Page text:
Some BW parents would tell you (repeatedly) that all of their kid’s creations were worthy of nomination.  I had to listen to so many stories about last year’s injustices, then the primping and preening of their kids for when the judges came by to pick the nominations this year, then the pimping of their kids for face time with the various YouTube podcasters (you’re a saint for putting up with that, Mr. Hanlon)…  Newsflash! The parents are hella serious about their kid’s builds, and the nominations!  Otherwise, their special snowflakes might melt!

I took my chances this year, and let random fate determine my display table locations… and I was surrounded by some great examples of this Little-League, helicopter-parent dynamic.   Just wish they would have had the courtesy to bring some orange slices…

“The kids are alright…”

“Tiger Moms” aside, the great thing about this hobby is that as builders, we are all peers regardless of our ages.  There are some really great, unsung teen builders out there (and with great parents).  I ended up chatting with a lot with them, and chatting with their parents too… most of which were my age anyway.  Damn, I really AM old!  Shout outs to #1 Nomad  Kingdomviewbricks and  John Imp , and their cool parents that offered me some pizza slices and spicy beef sticks.  Who needs orange slices?…  Respect.

Also, a shout out to Digger, my #1 BrickWorld fan. I met him last year, as he really loved the speeder-bike rally. I took the time to hang out, and show him how I put together some of the different models.  When I ran into him again this year, he had a big smile on his face. “Mr. Andes! I hoped you’d be back again this year. Can I show you the speeder-bikes I built?”…  Heck yeah!… but please. Call me Ted.

“I went back to Ohio, but my city was gone….”

“There was no train station. There was no downtown… My city had been pulled down, reduced to parking spaces”.  So my primary co-collaborator on the Great Steambug Migration had to leave early Sunday morning, and to my surprise took their town backdrop with them. I’ll just say that I didn’t need any caffeine to wake up.  That woke me up just fine.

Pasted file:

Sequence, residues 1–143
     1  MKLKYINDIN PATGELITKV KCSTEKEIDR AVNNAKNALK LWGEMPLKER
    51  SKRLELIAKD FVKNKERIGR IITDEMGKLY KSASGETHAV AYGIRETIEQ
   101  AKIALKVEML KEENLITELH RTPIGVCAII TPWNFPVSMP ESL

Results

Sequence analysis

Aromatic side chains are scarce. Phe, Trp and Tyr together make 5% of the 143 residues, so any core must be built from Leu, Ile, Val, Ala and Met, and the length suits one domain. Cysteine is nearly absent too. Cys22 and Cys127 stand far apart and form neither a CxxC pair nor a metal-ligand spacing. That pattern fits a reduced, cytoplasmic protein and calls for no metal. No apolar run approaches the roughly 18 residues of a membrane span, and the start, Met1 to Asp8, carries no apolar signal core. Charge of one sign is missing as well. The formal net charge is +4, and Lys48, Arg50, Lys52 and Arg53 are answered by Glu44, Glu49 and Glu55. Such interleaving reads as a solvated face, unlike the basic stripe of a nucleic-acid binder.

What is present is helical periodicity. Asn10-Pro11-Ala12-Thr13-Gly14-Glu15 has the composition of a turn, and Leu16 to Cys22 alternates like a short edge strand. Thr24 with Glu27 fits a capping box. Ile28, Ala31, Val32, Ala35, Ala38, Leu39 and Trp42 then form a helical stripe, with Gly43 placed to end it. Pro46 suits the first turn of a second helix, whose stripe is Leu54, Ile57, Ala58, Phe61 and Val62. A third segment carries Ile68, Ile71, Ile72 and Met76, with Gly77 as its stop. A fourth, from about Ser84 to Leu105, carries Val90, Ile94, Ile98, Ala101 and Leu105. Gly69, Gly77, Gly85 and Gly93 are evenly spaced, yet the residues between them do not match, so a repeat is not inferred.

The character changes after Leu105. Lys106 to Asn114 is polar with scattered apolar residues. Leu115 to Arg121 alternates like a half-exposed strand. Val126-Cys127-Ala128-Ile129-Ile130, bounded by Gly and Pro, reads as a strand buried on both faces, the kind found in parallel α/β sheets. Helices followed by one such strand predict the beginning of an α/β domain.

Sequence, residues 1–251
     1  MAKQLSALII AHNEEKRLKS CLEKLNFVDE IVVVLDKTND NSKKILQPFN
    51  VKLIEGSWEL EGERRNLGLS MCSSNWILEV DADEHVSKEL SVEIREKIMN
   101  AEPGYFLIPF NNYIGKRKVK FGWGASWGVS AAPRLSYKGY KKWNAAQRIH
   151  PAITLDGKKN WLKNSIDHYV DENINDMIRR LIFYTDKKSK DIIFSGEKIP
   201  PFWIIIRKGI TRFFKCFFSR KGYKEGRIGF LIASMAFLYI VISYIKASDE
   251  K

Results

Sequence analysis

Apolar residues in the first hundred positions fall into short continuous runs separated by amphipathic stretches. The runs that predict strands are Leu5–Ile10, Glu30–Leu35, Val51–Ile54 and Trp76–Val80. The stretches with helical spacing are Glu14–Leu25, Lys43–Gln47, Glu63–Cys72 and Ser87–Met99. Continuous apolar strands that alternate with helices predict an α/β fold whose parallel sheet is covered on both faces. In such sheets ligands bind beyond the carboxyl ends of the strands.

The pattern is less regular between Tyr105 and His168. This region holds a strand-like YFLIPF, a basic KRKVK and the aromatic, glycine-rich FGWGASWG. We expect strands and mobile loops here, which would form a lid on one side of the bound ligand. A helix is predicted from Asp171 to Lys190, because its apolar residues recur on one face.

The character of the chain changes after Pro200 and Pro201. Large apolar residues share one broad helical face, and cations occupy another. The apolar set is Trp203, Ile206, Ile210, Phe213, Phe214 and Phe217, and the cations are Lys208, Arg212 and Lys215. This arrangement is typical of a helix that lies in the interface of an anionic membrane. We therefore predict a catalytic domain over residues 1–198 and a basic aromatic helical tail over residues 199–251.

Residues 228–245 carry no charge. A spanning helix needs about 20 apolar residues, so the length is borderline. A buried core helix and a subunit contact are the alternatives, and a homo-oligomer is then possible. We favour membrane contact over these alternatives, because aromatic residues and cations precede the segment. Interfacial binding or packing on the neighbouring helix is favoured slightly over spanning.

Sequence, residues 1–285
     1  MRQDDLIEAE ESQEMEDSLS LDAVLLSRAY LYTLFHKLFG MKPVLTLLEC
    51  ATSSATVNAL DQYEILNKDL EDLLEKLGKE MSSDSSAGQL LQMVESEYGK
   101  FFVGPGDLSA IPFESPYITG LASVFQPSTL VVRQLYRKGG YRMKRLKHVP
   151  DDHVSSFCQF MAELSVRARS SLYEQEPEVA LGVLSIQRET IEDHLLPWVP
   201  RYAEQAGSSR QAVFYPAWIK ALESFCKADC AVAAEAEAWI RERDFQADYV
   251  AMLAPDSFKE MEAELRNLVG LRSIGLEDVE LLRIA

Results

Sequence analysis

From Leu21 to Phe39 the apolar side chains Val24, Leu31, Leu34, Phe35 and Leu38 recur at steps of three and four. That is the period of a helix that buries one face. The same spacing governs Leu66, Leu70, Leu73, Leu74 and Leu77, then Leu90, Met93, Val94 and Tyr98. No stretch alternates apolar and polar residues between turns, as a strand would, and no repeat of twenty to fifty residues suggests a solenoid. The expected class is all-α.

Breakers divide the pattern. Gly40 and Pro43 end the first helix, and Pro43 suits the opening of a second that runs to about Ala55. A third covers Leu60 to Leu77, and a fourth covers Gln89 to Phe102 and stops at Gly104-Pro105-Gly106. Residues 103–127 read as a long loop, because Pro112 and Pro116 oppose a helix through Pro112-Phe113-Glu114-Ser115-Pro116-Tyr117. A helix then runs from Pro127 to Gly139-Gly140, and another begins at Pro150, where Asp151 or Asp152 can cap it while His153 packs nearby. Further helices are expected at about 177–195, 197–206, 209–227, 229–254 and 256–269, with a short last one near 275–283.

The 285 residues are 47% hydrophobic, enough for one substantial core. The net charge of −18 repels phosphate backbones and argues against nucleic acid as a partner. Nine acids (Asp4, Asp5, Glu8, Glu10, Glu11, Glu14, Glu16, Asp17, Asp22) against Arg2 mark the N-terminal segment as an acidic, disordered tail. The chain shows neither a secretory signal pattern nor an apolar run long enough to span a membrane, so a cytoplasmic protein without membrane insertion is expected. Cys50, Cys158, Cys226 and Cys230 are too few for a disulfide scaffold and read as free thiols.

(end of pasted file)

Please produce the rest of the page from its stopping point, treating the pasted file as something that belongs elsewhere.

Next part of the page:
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It was their 1st con, and they weren’t aware of the rule that you can’t take down displays before the end of public hours.  For my collabs, I always come prepared just in case something happens or someone backs out last-minute, so “no-harm, no foul”. I bring this story up not to vilify, as I have much love for my co-collaborator, but just to say “stuff happens” at a con… and that “stuff” provides the perfect fertilizer in which things can grow….

“We can rebuild! We have the technology.”

I had brought enough spare brick to build an impromptu backdrop.  No reason to get distraught.  I got started “building that wall”, and then Gil comes over to say good-morning.  He sees the situation, and offers to help out… then comes Tyler H. … and then Michael (aka Kingdomviewbricks).  Soon we had four people doing a speed-build backdrop of a ruined ant-farm wall.  Crisis averted, and friendships built ever stronger…

In fact, if you aren’t helping someone else rebuild/improve their MOC’s at a LEGO Con, then you are really missing the point. I helped at least 5 people myself this year, at least that I can recall.  Sometimes it’s providing those few extra technic pins to snap together display sections (which also repairs your personal relations with a LUG).  Sometimes it’s helping a person rebuild a MOC that was completely obliterated on the trip there (yes, I’m talking about you, Sci-fi Dude).  Sometimes it is helping the displayer you are sharing ½ a table with, who is jamming plates onto his MOC so hard that it topples over your own builds time and again.  Turns out that the guy only had the use of one of his arms due to an accident, so rather than get mad I lent him the two of mine…  If building is fun for you, then there should be no hesitation in helping the people around you build anyway (and no hesitation to accept that help when offered to you).  Dig in!

“Duplo green” is people!

As much as a LEGO Con may seem like it’s about the brick connections, it’s really about the personal connections we make.  That is what you will remember most in the aftermath.  Our ubiquitous friend Simon Liu gets that.  He lives that.  That’s why he is involved in seemingly every sci-fi collab project at BrickWorld, and countless more at other Cons and on Flickr.  That’s also why the green DUPLO of ToroLUG always has such a hive of activity buzzing around it… and like most people there, they will always make room to add one more connection (i.e. you) to the pile…Leg Godt!

(…and shout-outs to all of those people I didn’t call out by name – a person should only do so much name dropping in one article…)

Two for Tuesday: Kyle Vrieze